“When fully developed, the Robo-Glove has the potential to reduce the amount of force that an auto worker would need to exert when operating a tool for an extended time or with repetitive motions,” said Dana Komin, GM’s manufacturing engineering director, Global Automation Strategy and Execution. “In so doing, it is expected to reduce the risk of repetitive stress injury.”

GM Robo-Glove video

For example, an astronaut working in a pressurized suit outside the space station or an assembly operator in a factory might need to use 15-20 pounds of force to hold a tool during an operation but with the robotic glove only five-to-10 pounds of force might need to be applied.

“The prototype glove offers my space suit team a promising opportunity to explore new ideas, and challenges our traditional thinking of what extravehicular activity hand dexterity could be,” said Trish Petete, division chief, Crew and Thermal Systems Division, NASA Johnson Space Center.

GM RoboGlove developed with NASAInspired by the finger actuation system of R2, actuators are embedded into the upper portion of the glove to provide grasping support to human fingers. The pressure sensors, similar to the sensors that give R2 its sense of touch are incorporated into the fingertips of the glove to detect when the user is grasping a tool. When the user grasps the tool, the synthetic tendons automatically retract, pulling the fingers into a gripping position and holding them there until the sensor is released.

GM and NASA have submitted 46 patent applications for R2, including 21 for R2’s hand and four for the Robo-Glove alone.

The first prototype of the glove was completed in March 2011 with a second generation arriving three months later. The fabric for the glove was produced by Oceaneering Space Systems, the same company that provided R2’s “skin.”

The current prototypes weigh about two pounds and include the control electronics, actuators and a small display for programming and diagnostics. An off-the-shelf lithium-ion power-tool battery with a belt-clip is used to power the system. A third-generation prototype that will use repackaged components to reduce the size and weight of the system is nearing completion.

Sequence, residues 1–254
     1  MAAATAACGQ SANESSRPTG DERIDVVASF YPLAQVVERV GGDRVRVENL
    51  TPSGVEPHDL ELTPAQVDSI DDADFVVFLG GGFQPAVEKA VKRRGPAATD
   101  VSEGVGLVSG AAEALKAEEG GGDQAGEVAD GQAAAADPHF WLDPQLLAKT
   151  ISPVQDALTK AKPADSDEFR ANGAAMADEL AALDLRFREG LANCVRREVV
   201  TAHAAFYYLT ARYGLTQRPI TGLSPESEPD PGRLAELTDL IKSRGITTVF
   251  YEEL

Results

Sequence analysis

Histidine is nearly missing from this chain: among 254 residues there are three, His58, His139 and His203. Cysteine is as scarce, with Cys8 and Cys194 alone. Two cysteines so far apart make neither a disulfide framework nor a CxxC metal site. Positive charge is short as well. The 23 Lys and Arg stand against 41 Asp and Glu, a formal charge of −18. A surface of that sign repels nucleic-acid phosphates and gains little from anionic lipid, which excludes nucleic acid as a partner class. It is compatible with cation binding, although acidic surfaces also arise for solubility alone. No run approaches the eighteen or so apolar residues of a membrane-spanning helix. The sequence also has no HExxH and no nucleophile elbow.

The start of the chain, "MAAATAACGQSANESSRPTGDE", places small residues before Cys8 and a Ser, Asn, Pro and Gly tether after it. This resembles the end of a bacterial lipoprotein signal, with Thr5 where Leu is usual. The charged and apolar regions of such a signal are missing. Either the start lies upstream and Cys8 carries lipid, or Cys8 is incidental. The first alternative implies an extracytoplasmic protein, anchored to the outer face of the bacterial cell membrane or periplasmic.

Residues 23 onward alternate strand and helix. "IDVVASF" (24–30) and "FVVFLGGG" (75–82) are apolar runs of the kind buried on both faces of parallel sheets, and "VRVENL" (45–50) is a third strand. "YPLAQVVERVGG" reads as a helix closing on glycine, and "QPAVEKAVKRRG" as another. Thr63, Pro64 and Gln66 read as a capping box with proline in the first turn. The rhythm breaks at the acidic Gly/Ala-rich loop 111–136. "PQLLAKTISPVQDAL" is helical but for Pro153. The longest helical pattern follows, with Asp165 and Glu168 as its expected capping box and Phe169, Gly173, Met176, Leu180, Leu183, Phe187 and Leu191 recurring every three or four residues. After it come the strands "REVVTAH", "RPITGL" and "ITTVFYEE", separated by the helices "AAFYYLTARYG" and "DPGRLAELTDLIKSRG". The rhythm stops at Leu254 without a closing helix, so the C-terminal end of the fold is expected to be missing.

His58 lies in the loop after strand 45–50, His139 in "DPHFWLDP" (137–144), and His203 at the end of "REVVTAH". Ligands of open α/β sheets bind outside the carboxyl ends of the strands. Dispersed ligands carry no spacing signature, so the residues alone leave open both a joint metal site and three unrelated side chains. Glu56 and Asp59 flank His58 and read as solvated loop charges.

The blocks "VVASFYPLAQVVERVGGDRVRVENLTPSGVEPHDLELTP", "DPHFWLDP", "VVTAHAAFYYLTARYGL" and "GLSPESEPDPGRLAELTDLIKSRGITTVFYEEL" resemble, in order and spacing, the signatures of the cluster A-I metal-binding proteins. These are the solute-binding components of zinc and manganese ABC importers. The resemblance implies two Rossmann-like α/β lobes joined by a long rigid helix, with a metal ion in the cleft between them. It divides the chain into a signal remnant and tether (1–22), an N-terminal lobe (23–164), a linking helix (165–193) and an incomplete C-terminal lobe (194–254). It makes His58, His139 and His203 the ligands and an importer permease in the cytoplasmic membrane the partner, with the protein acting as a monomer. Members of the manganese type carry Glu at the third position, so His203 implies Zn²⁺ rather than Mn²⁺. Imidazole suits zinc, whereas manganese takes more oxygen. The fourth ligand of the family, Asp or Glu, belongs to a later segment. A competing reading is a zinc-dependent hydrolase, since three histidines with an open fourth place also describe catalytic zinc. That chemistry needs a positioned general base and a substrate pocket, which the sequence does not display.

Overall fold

“We are continuously looking for ways to improve safety and productivity on the shop floor,” Komin said. “Our goal is to bring this technology to the shop floor in the near future.”

NASA and GM have a long, rich history of partnering on key technologies, starting in the 1960s with the development of the navigation systems for the Apollo missions. GM also played a vital role in the development of the Lunar Rover Vehicle, the first vehicle used on the moon.

About General Motors
General Motors Co. (NYSE:GM, TSX: GMM) and its partners produce vehicles in 30 countries, and the company has leadership positions in the world’s largest and fastest-growing automotive markets. GM’s brands include Chevrolet and Cadillac, as well as Baojun, Buick, GMC, Holden, Isuzu, Jiefang, Opel, Vauxhall and Wuling. More information on the company and its subsidiaries, including OnStar, a global leader in vehicle safety, security and information services, can be found at

About NASA Johnson Space Center
The National Aeronautics and Space Administration (NASA) is the agency of the United States government that is responsible for the nation’s civilian space program and for aeronautics and aerospace research. Since February 2006, NASA’s mission statement has been to “pioneer the future in space exploration, scientific discovery and aeronautics research.” The Lyndon B. Johnson Space Center is the NASA’s center for human spaceflight training, research and flight control in Houston, Texas, USA. Johnson Space Center is home to the United States astronaut corps and is responsible for training astronauts from both the U.S. and its international partners.

American Manufacturing — the Comeback Kid?

March 20, 2012

After an economic downturn, it’s always a relief to see industries buoy back to its pre-recession numbers. If you’re looking for good news in the manufacturing industry, there’s a lot of it. And while it’s nice to see some recovery, there are ways to bolster manufacturing’s rise.